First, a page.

Brother David, going to see Jim on a talk where he speaks on acting and his secular career is an event I would gladly attend, but in an event where he is speaking his other gospel than that which “Paul delivered once and for all to the saints”, I couldn’t attend, at least more than once. Think about it: if he wasn’t famous would you have gone to listen to him speak? Would you go out of your way to attend an event held by Daniel N. DiNardo, the cardinal assigned to Texas as of 2007, to speak about his sincere faith in Christ? Even though we both know he doesn’t believe in the sufficiency of Scripture, the worship of Mary and other humans, the Eucharist, Infant Baptismal regeneration and a host of other blatant blasphemies?

    I urge you to steer clear of such events as with guilt by association/omission can lead immature Christians to stumble by our example.

    Concerning Jim we should pray and fast for his salvation and for him to come out of her, the Whore of Babylon who is drunk with the blood of the saints.

    • David D. Flowers

      Thomas, I understand your sincerity. I’m also aware of false doctrines at work in the church. But I encourage you to be careful of how quickly you judge another for their possible misunderstandings of Scripture or their involvement with questionable denominations. Jim was not speaking “his other gospel” at this event. Were you there?

      Please don’t presume that I was somehow enchanted by his fame (or anyone else’s popularity) that I put aside the Christ I know and his Spirit that spoke powerfully this evening. I urge you to be slow in making judgments about the salvation of others and the condition of their soul, as it leads to slander. I acknowledge that there are plenty of foul doctrines and “blasphemies” at work in and around the church, but we must be careful about setting ourselves up as the doctrine police… even going so far to say, as you have done, that Jim Caviezel is not a true believer. Sir, you have no right.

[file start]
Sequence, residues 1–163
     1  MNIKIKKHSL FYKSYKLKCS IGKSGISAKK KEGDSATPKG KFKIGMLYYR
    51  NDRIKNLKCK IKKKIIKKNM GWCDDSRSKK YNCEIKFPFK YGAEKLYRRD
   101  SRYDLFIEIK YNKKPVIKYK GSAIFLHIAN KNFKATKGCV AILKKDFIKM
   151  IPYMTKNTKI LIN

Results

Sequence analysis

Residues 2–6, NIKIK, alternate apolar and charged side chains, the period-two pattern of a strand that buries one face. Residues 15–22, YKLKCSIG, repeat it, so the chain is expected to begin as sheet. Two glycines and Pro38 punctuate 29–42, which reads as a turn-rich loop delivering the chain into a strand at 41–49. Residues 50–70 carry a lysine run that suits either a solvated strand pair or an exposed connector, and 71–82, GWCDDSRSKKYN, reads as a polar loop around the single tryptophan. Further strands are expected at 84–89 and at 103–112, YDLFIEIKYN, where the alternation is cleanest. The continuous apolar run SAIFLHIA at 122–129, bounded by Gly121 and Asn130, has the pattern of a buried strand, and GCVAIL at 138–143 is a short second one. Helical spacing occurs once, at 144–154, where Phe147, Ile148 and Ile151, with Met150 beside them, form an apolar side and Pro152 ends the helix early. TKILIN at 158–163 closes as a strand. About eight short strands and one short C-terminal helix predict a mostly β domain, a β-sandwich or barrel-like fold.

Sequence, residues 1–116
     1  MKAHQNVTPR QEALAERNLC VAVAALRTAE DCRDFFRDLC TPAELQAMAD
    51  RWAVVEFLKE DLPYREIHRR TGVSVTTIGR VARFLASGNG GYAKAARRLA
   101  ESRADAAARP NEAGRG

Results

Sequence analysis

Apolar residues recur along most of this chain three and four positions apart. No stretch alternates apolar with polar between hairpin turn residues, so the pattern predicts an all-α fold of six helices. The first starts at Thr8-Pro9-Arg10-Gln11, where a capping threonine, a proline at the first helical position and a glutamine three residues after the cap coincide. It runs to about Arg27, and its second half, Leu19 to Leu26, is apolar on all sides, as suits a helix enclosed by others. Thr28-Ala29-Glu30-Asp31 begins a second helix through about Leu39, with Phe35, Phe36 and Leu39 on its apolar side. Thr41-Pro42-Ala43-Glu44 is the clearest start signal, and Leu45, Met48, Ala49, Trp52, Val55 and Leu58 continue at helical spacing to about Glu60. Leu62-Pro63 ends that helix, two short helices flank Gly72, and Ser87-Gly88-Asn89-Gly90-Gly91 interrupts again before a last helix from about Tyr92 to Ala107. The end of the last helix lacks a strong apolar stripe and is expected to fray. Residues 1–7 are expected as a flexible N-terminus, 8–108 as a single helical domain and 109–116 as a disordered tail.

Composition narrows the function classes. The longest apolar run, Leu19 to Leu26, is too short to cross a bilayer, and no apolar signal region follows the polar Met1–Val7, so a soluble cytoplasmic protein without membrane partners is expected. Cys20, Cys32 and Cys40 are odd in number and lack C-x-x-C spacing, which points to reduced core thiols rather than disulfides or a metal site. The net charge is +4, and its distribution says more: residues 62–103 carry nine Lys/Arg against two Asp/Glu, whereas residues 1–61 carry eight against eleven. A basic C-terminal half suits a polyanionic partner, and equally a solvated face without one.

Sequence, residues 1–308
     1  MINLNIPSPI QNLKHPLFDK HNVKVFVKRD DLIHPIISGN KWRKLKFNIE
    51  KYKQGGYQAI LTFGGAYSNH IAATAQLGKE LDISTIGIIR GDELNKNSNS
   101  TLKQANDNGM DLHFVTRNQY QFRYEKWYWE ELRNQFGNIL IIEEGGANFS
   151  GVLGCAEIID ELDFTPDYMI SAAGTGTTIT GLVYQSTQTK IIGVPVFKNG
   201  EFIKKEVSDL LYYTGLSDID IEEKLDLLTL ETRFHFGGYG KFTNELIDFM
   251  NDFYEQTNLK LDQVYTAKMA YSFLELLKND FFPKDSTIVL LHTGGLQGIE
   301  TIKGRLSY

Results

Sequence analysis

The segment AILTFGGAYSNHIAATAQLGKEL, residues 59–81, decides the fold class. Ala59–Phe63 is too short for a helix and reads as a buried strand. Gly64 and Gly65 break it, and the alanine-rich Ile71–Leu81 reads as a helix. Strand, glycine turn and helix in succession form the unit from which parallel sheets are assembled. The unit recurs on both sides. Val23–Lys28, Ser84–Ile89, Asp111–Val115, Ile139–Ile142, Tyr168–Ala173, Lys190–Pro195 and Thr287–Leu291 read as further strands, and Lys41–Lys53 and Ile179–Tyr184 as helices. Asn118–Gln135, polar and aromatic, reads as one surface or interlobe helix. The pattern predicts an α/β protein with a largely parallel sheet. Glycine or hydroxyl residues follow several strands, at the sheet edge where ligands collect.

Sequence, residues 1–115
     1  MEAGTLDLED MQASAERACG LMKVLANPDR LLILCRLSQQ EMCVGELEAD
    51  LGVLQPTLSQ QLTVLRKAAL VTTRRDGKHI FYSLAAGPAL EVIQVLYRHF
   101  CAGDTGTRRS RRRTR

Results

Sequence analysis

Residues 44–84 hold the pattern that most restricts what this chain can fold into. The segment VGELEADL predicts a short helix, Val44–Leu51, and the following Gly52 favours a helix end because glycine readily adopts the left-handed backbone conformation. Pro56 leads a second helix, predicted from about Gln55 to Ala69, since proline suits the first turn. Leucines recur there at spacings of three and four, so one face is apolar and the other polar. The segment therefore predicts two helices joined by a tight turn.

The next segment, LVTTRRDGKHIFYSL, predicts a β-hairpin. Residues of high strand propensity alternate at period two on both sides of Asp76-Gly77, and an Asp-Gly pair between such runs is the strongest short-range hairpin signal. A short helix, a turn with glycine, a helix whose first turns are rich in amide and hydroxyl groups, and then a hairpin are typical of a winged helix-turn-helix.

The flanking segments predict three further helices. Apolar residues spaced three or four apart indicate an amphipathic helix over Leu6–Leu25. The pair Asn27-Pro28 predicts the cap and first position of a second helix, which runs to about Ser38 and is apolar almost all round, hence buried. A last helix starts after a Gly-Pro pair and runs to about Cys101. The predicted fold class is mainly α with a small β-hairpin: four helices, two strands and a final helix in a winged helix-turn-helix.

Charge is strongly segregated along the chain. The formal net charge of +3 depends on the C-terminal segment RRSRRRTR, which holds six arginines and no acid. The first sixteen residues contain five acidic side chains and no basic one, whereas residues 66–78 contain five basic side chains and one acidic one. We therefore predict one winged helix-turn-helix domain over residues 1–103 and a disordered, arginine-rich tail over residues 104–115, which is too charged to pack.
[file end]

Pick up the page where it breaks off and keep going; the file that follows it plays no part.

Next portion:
And, the “Whore of Babylon” is the Roman Empire in the book of Revelation, not your idea of a false church. It’s the imperial powers that are “drunk with the blood of the saints.” As I said before, the Lord was speaking through Jim Caviezel out of a deep personal experience. And in every interview I have ever seen of Jim, he has always displayed the same knowledge of Christ that I hear coming from the apostles of the New Testament. Test the spirits (1 Jn 4). Do they confess that Jesus is God having come in the flesh? That’s the concern of the NT.

      Does Jim Caviezel believe that works determine salvation?–maybe more so than I do (based on NT warnings of apostasy and my reading of faith-works in James). Therefore, I shall pray that the Lord will help to iron out any confusion or insecurity he might have regarding God’s saving work in him.

      Thomas, in the future, I hope that you will be mindful of the ways God is at work in folks that are still on a journey with the Lord.